Pro-choice activists protest outside the Supreme Court in June. Sydney Hastings-Wilkins/Daily. Buy this photo.

On Thursday, the Michigan Supreme Court ruled that the Michigan Board of Canvassers must place two constitutional amendments on the Nov. 8 general election ballot: Reproductive Freedom for All and Promote the Vote 2022. Earlier this week, the Board of Canvassers had deadlocked votes for both initiatives, requiring backers of both amendments to file appeals in order to secure a spot on the ballot.

On Sept. 1, Board Chair Anthony Daunt (R) and Board Member Richard Houskamp (R) voted against putting the Reproductive Freedom for All amendment — which would codify the right to abortion access in the Michigan Constitution — on the general election ballot. Though the amendment amassed over 730,000 signatures, the Board claimed formatting errors on the proposal, including a lack of spaces between some words, rendered the signatures invalid. Mary Ellen Gurewitz (D), the board’s vice chair, voted in favor of the amendment, along with Board Member Jeannette Bradshaw (D). 

On Thursday, the Michigan Supreme Court ruled that the meaning of the amendment is still identifiable despite the errors in the proposal. 

“The only challenge to the petition is in regard to whether there is sufficient space between certain words of the text of the proposed amendment,” the order reads. “The ‘full text’ of the amendment is present: regardless of the existence or extent of the spacing, all of the words remain and they remain in the same order, and it is not disputed that they are printed in 8-point type. In this case, the meaning of the words has not changed by the alleged insufficient spacing between them.”

According to the order, the Board of Canvassers must approve the petition as sufficient for placement on the general election ballot by Friday. The court also directed the Secretary of State to include the Reproductive Freedom for All proposal on the general election ballot. 

The vote split among the justices was not included in the court order. It was noted, however, that Chief Justice Bridget Mary McCormack voted in agreement with the court’s decision. Republican-nominated Justices Brian Zahra and David Viviano dissented.

“This case raises a rather prosaic question with momentous consequences: do spaces between words matter?” Viviano and Zahra wrote in their dissent. “It is worth noting that the Board has rejected petitions for containing typographical errors, and the courts have upheld those determinations … Contrary to the majority’s conclusory assertion, the (Reproductive Freedom for All) petition did not contain the “full text” of the amendment, and therefore the board acted properly in declining certification.”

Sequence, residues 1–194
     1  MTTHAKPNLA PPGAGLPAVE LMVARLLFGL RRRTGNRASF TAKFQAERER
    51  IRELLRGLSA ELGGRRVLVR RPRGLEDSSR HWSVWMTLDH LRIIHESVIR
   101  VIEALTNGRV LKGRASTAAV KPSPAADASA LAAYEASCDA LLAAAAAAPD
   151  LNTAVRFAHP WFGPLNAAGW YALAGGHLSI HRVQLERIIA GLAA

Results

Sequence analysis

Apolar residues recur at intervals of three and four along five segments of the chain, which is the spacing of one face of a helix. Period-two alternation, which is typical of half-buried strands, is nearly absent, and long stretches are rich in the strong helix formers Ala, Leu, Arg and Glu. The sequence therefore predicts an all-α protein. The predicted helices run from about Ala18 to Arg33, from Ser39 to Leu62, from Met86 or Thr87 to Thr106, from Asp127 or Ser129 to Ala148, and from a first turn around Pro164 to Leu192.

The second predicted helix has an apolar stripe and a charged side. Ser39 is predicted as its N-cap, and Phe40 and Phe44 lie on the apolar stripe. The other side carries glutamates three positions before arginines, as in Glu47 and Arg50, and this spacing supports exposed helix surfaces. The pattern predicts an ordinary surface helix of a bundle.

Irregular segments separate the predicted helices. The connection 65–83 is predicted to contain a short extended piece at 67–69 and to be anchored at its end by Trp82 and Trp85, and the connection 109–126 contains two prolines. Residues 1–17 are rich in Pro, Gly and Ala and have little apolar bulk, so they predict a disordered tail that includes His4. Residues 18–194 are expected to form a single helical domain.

The amendment will now require a simple majority vote to pass the general election. If passed, the Reproductive Freedom for All amendment would protect the right to abortion, contraceptives and other reproductive healthcare services in Michigan. In that case, it would go into effect 45 days after the election, on Dec. 23, 2022.

The court also allowed Promote the Vote, a voting rights proposal, to appear on the ballot this November. 

Promote the Vote 2022, which received over 664,000 signatures, filed an appeal with the Michigan Supreme Court Sept. 1, after Daunt and Houskamp voted against the placement of this proposal on the general election ballot. They argued Promote the Vote should be kept off the ballot because the proposal failed to include all the changes that would be made to the state’s constitution. Gurewitz and Bradshaw voted in favor of the initiative. 

The initiative proposes a constitutional amendment that would implement nine days of early in-person voting, require military or overseas ballots to be counted if postmarked by Election Day, require state-funded postage for absentee applications and ballots and make several other reforms to increase access to voting. 

The Michigan Supreme Court ruled that the proposed amendments on the Promote the Vote 2022 initiative will not override any current constitutional amendments. 

“The only challenge to the petition was that it failed to include all the constitutional provisions that would be abrogated by the proposed amendments, as is required by Const 1963, art 12, § 2 and MCL 168.482,” the order reads. “We disagree. Instead, we conclude that the proposed amendments would not abrogate any of the constitutional provisions identified by the challenger. The Board thus has a clear legal duty to certify the petition.”

According to the order, like the Reproductive Freedom for All amendment, the Board must approve Promote the Vote as sufficient for placement on the general election ballot by Friday. 

Chief Justice McCormack wrote a concurring opinion. Justices Viviano and Zahra dissented. 

Michigan Attorney General Dana Nessel (D) issued a statement praising the court’s decision to override the board and allow the initiatives on the general election ballot. 

“I appreciate the Court taking swift action to ensure Michigan voters have the opportunity to consider these proposals on the November ballot,” Nessel said. “Our state constitution provides the people with direct access to the democratic process and that access should not be limited by appointed individuals acting beyond the scope of their duty. An overwhelming number of Michiganders signed petitions to bring these questions before the voters of our state.”  

Daily News Editor Anna Fifelski can be reached at